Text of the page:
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Tips For The Perfect Matzo Brei


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Once we’ve gotten ourselves past the Seder accoutrements ~ the ceremonial foods, the hearty meal and the sweet desserts, we can look forward to some of the other holiday treats.  In my household, running a close second to the chocolate covered matzo, is matzo brei.  Matzo brei is the quintessential Passover brunch food; although it’s just as appreciated as a light dinner, too.

Loosely translated, matzo brei is matzo fried with eggs.  And while that is often the case, it can be so much more!  For instance, is your favorite style more matzo than egg, like a pancake; or is it more egg than matzo ~ frittata style?

Important to the making of any good matzo brei is the crumble to soak ratio.  The matzo should be broken into large pieces, about the size of a half dollar.  The soaking should soften the matzo just enough to still retain a crisp bite of texture.  Too soft and the brei will be like scrambled eggs.  Too crisp and it will not be able to absorb any flavor.  Most recipes, even Bubbe’s, will have you soak the matzo in water.  Ideally the matzo should be soaked in milk or cream for your dairy selections.  For meat dishes, soaking in chicken broth will add an additional nuance.

No matter which recipe you use, be sure to fry the batter undisturbed in butter, schmaltz or olive oil for several minutes over a low fire for a beautifully bronzed crust before turning.

For those with a sweet tooth, in its most traditional form the matzo brei is buttery soft with crispy edges, served with cinnamon sugar, honey and a medley of fresh berries.  Others opt for a savory version of salami rendered in peppered schmaltz.  But one look in your holiday fridge can offer an endless range of options ~ even during this holiday’s restrictions.

Put that leftover dill to use with a lox and onion matzo brei.  Fold in dollops of cream cheese for a rich flavor.  Another option is to sauté chicken with red peppers, ginger and scallions which will bring an Asian flare to the week.

Or perhaps a dessert style matzo brei is more to your liking?  Try one with farmer cheese lightly whipped with lemon zest and vanilla, or turn the classic cinnamon into a sweet treat with toasted chestnuts, vanilla ice cream and caramel sauce.

Here’s one of my favorite recipes; it’s so delicious that you’ll enjoy it year round!

Salami and Eggs Matzo Frittata


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About Alison and Jeff Nathan


Chef Jeff Nathan is the executive chef of The Abigael’s Group, which includes Abigael’s on Broadway and the Green Tea Lounge. He is also the author of two popular cookbooks, Adventures in Jewish Cooking and Jeff Nathan’s Family Suppers. At his restaurants, and on his acclaimed public television series, New Jewish Cuisine, Chef Nathan emphasizes the flavors of modern America while strictly observing the laws of kashrut. Along with his wife Alison, Chef Nathan is setting a new standard for kosher cooking with his innovative dishes and creative presentations. Find out more at Abigaels.com




5 Responses to Tips For The Perfect Matzo Brei

  1. avatar says: viorica

    sounds like you are part of my Family !

  2. Hello everyone and a Zeissen Pesach to all!
    Now on to the question: I’ve read this twice, but
    still haven’t found the recipe for making basic
    Matzo Brei! I’ve never made it right: it’s either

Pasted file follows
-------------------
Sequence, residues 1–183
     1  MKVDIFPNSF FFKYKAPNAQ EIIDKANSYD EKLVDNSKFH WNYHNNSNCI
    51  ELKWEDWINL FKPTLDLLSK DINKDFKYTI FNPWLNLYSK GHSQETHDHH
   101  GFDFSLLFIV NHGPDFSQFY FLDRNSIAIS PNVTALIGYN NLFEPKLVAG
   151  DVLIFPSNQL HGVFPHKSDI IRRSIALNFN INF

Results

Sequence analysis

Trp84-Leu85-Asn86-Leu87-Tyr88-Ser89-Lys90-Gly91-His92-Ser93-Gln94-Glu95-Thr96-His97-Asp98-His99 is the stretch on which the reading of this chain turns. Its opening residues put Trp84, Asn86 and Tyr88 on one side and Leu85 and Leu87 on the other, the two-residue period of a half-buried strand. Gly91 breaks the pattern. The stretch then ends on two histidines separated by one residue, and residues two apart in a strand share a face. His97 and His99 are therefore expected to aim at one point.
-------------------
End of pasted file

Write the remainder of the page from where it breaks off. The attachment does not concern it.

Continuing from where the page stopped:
too mushy, too eggy; too salty or not enough;
    either I make too much or too little. So I end up
    not making it. And I do love it! So what’s this
    embarrassed Bubbe to do?

  3. avatar says: Alison

    Hello Bubbe! Best thing to do is create your own recipe for what works for your family. And get back to basics. Figure two sheets of matzo per person, broken to large pieces, soaked in milk or water until crisp tender, (about 3 minutes). Coat in eggs (1 – 2 per person, depending on if you like it eggy or not). Fry in butter & oil. Season to taste with salt and pepper, or go sweet and season with sugar and cinnamon. Yummy either way, and be sure to add in the style of how YOU like it! Have a great holiday! Alison, Jeff & the Abigael’s Team

    • Dear Bubbe, No need to be embarrassed. If you can make French toast, then you can make matzo Brai. You are essentially just substituting matzo for bread, except that it is customary to break up the matzo first into bite-sized pieces and to soak it a bit before cooking. Take it from NiceJewishMom.com — this is one dish that is easy to dash off, even after cooking and cleaning up an entire Seder meal. Although I know many people gravitate toward a sweet rendition, my own mother kept it in the savory side, and I follow suit. My only issue with this delicacy is that it can be bland, so here’s what I do: Slice or dice an onion or two and fry in olive oil in a large pan until it begins to brown. While it is cooking, boil a kettleof water and break up some matzo into rough squares no bigger than a saltine cracker. (Figure on one to two whole pieces of matzo per person.) Put the matzo into a collander and pour the boiled water over it quickly while holding the collander over a sink so the water can drain right out. Beat eggs (at least one per whole matzo), in a large bowl, add a generous splash of milk, and then pour the broken matzo in. Allow to soak briefly — perhaps for two minutes. Then pour the whole schmear into the pan with the onions, making sure there is enough oil and/or butter in the pan to allow the matzo brei to brown. Before it is done, I add some fresh chopped parsley and dill, as well as salt and pepper to taste. My only other tip: no matter how much I make, it all goes. It’s always that good! Yours will be too. Good luck and enjoy!

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